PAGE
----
John, thank you, especially for your comment about connection and communication. That is what writing it all about, and I think it may be what life is all about.

Kimmi, thank you for your supportive words. It's so good to see you back from your travels.

René, I would love to take you up on that cup of tea. I can't remember where you are. California, maybe? If so, next time I'm headed south, we should try to arrange it. Oh - and I watched the video. Wow. Very powerful performance - and yes, it still made me squirm a little. ;>)

♥ Braja said...

Nice to meet you Sandra Leigh; and I loved this post...I'm just about to leave, it's 5am here....see you again soon...

Poetikat said...

"No, not just me, but isn't it all about me?" (I'm glad I'm not the only one who feels this way--I often think I mention (see, I'M doing it now!) myself far too often. Funny thing is, in person, I'm the most unassuming, nay meekest type you could meet - at least with strangers.

I thought Benign Neglect was utterly charming. So many phrases were so skilfull (that doesn't look right).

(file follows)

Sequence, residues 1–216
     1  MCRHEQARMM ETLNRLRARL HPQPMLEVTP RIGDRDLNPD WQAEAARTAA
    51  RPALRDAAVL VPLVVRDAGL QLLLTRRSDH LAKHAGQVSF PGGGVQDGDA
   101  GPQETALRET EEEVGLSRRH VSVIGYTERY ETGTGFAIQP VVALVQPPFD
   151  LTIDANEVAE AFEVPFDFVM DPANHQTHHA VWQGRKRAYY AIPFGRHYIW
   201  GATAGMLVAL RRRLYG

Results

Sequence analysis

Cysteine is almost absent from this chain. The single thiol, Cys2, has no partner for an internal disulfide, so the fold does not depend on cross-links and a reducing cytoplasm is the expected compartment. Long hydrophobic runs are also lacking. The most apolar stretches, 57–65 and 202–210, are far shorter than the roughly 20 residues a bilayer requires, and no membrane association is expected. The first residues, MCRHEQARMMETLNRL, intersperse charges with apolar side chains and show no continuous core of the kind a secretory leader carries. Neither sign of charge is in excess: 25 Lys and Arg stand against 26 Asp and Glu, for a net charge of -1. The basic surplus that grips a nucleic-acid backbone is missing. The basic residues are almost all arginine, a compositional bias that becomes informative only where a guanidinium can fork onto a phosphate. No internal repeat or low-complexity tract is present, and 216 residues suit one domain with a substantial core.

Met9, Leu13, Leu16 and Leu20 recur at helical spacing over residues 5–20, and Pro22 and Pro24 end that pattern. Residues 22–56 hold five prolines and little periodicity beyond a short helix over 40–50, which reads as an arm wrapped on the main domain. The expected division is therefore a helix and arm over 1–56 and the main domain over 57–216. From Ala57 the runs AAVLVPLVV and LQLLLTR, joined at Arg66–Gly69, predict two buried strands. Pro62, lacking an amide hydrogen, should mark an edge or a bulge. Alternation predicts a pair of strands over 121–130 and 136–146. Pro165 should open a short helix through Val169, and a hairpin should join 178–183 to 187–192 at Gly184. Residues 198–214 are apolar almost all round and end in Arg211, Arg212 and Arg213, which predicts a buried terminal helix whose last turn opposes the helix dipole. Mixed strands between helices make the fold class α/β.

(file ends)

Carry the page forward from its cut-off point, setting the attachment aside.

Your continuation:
I really must practice more of that pseudo-synesthesia.

The memoir will wonderful if it's all like this.


Sandra Leigh said...

Hi, Braja - thanks for stopping by on your way to Calcutta. Get well soon.

Kat - Thank you. Hmmm. I checked Skilful or Skillful (chiefly Brit.)If you stare at them long enough, they all look right, and they all look wrong. ;>)

Pseudo-synesthesia? I like that. It's a mouthful, but it works.

The memoir has been in a state of half-finishedness for about two years now. I really must get busy at it. I'll be visiting my older sister in about six weeks. That's likely a good time to work on it. We can brainstorm.

SandyCarlson said...

I enjoyed your poem very much, and I am glad you joined us at OSI. Come back!

Sandra Leigh said...

Thank you, Sandy. The Web is so full of a number of things...

Mairi said...

I've just started reading Mary Kinzie's "The Cure of Poetry in an Age of Prose" and she says, in her introduction, something that resonates with your attempt to find your way out of your box. "As far as I have been able to see, there is no theory apart from practice in the task of soul-making to which the poet is called." It's one very sharp box cutter you've called to your aid. Thanks for sharing your introduction to it.